z are distinct (in this example I checked and they are), likewise in the second example. Wouldn't it be nice to be able to write:
(List.map ?) zipWith3M f xs ys ys = zipWithM (? f) xs (zip ys zs)
The hope is that some of the case where you think "This is dumb, I should not have to write it" may turn out to be, when looking at them the right way, inferrable through singleton types.
Singleton types precisely
What does it mean for a type to be a singleton type? We have to make a choice on four aspects:
The type system we consider (the static semantics). Are we looking for singleton types in ML, in System F, in a dependently typed calculus? All those choices have merit, but for the purpose of the demonstration I will mostly use examples in System F.
The language of the terms we infer (the dynamic semantics). If we consider the full term language of OCaml (or Haskell) as the space of our search, no interesting type is a singleton because of non-terminating terms inhabiting any type. We want to restrict ourselves to a pure (including total) lambda-calculus. For a start, just the obvious explicitly typed thing with variables, lambdas and applications will be fine.
Our notion of program equivalence: if we consider
(λx.x) tas two different programs, we will have trouble finding unique inhabitants. On the other end, observational equivalence is often undecidable for realistic languages, so we may have to pick reasonable restrictions. I will just imagine I can perfectly decide observational equivalence for now.
The typing context where inhabitants live: I am asking whether a type
σhas a unique inhabitant
t : σ. To consider this properly I need to pick a typing context
Γand ask about
Γ ⊢ ? : σ. We could imagine giving the user some freedom to specify the context in which the search should take place. A good starting choice is to consider the super-empty context: a context with no variables, but also no constants: forget about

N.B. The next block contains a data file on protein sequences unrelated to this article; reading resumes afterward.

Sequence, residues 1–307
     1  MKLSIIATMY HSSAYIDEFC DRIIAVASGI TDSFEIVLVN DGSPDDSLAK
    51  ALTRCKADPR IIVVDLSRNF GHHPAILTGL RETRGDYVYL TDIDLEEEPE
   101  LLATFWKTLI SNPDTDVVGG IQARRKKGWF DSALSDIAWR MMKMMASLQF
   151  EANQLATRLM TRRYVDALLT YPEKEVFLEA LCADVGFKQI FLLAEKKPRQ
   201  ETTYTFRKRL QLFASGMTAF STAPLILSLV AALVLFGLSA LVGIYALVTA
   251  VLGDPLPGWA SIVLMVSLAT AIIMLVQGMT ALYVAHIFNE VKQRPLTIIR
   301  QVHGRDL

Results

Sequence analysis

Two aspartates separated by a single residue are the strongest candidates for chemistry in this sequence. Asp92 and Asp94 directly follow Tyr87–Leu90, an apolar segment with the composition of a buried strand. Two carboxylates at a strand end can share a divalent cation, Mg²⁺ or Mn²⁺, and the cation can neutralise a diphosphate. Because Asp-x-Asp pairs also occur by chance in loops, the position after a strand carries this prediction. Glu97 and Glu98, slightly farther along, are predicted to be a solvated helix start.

0, 1, 2, true, false, etc., to get even more singleton types (
bool → int → bool, for example). Other reasonable choices include the empty context with constants, the current context of the program, or a restriction of the current context with only the variables that have been marked "implicit" of sorts.
The restriction to an empty context is why I wrote
(? f) in the previous example:
zipWithM3 f xs ys zs = zipWithM (? f) xs (zip ys zs)
If I just write
zipWithM ? xs .., this tries to infer code at the type
(a → (b, c) → m d), which is not inhabited in an empty context. On the contrary, the
(? f) has type
(a → b → c → m d) → (a → (b, c) → m d), which is a singleton type. This shows that this construct can actually be used for partial term inference, just add the hints as parameters to
?. (Another possibility would be to add syntax to specify a context by hand, eg.
(f,g |- ? : σ).)
Similarly, it can also be used for plumbing: if you cannot remember which of
y comes first as a parameter to
f, and they have different types,
(? f x y) can do the job. (If they don't have different types there is a potential for non-statically-catchable error and that's bad. OCaml's labeled arguments are very nice when used to fight this, but it's orthogonal to the present considerations.)
I know of surprisingly little work on the topic of "code inference" (looking for this search string on Google Scholar for example brings up very little hits), and would welcome pertinent pointers. There is a paper at PLDI last year, Type-Directed Completion of Partial Expressions by Daniel Perelman, Sumit Gulwani, Thomas Ball and Dan Grossman, but it is much more practically oriented: "let's look for completions using typing hints and see how often we were right in ranking highly a suggestion to the user". In the limit, you get something fuzzy and interactive and machine-learning-based, where type-correctness is just one ranking criterion among others, as you can find in Sean McDirmid's work on touch-based programming or calls to Programming as collaborative reference, but that is not where I want to go now. The idea here more to study the mathematical structure of singleton types, which is quite a different subject.